Celebs Speak out about Their Experience with Racism

By the year 2020 the humankind has traversed a long way, but it appears we are not yet civilized enough to eliminate discrimination (and even murders!) based on people’s skin color.

A wide range of diverse outbreaks of racism, recently spurred on by tragic occurrences involving Breonna Taylor, George Floyd, and Ahmaud Arbery, deaths that gave rise to Black Lives Matter protests sweeping over the globe.

To follow up on these atrocities, some of our famous personalities came out with stories they have to illustrate racist injustice and put forward claims oft he righteous attitude all around.

Unfortunately, many celebrities have experienced racism themselves and below are some of their sad stories.

Michelle Obama’s experiences

The woman to whom it fell to be the country’s first black First Lady has a lot to say on that sad matter. While inspiring women to stand up for their dutiful rights, Michelle had to bear personal attacks from government potentates who didn’t mince their words. Three years ago in Denver, at the Women’s Foundation of Colorado’s 30th anniversary celebration, the White House lady revealed she was known to be referred to as a “gorilla face” and an “ape in heels.”

As reported in the Denver Post, Michelle explained that for the eight years in the office there were always those who refused to see beyond the color of the skin – and they kept inflicting hurts. When people intend to cut, she said, it hurts most. And these cuts are endless. “Women, we endure those cuts in so many ways that we don’t even notice we’re cut. We are living with small tiny cuts, and we are bleeding every single day. And we’re still getting up,” was her summing up.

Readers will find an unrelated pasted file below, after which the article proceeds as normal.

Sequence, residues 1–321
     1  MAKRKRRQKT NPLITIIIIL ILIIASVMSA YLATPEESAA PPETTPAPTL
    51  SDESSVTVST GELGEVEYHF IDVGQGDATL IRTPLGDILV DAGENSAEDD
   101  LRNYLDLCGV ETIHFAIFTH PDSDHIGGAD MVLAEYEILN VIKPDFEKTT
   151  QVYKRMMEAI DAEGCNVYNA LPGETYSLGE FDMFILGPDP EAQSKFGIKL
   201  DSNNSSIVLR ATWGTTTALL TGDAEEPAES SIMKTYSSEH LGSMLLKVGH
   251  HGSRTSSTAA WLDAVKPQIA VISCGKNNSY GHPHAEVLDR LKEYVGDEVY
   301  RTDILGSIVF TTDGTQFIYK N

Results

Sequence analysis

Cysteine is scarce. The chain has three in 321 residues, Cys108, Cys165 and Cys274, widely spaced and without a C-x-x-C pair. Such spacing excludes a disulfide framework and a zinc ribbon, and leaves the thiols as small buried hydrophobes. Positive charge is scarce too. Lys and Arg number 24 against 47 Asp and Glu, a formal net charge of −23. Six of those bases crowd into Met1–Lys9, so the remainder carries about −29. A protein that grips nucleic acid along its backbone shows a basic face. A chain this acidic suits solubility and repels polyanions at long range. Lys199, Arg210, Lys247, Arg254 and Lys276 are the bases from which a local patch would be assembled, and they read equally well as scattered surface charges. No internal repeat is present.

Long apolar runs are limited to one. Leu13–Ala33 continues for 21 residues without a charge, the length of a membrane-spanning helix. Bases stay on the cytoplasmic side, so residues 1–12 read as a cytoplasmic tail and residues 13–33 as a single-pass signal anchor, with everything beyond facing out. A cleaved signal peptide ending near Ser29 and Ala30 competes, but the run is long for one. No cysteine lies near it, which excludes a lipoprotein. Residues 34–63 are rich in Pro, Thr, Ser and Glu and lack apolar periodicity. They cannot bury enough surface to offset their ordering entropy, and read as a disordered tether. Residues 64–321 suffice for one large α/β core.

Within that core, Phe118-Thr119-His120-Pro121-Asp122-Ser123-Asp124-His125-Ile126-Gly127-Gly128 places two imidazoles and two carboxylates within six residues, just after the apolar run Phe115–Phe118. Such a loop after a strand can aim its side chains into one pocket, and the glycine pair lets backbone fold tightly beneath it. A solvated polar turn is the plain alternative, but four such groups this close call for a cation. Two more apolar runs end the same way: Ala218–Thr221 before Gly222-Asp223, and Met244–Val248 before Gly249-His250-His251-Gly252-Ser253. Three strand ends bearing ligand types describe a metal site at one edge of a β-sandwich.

John Legend’s experience

To about the same time dates back the story of a racist thrust by Grammy-winning John Legend and his wife Chrissy Teigen. The full particulars of the incident appeared on Teigen‘s Twitter page which is regularly updated. According to the post, she was asked at JFK by some paparazzi „if we evolved from monkeys, why is John Legend still around?“ – just one of the reasons why celebrities and paparazzi never hit it off.

At a later date Legend came round to expose his feelings over the unseemly jab, saying that throughout American history colored people were subjugated via dehumanisation; while we should have left this period behind, the artist states, it still persists.

Naomi Campbell’s experience

When the British supermodel Naomi Campbell published the eponymous book about her life in 2016, it turned out she also had something to say about racism. Supermodels have to face it, too, and there were some fashion shows she was denied participation in for the sole reason of her origin.

Talking to The Guardian, she said that her complexion prevented her from booking for a number of shows.

“I didn’t let it rattle me. From attending auditions and performing at an early age, I understood what it meant to be black. You had to put in the extra effort. You had to be twice as good.”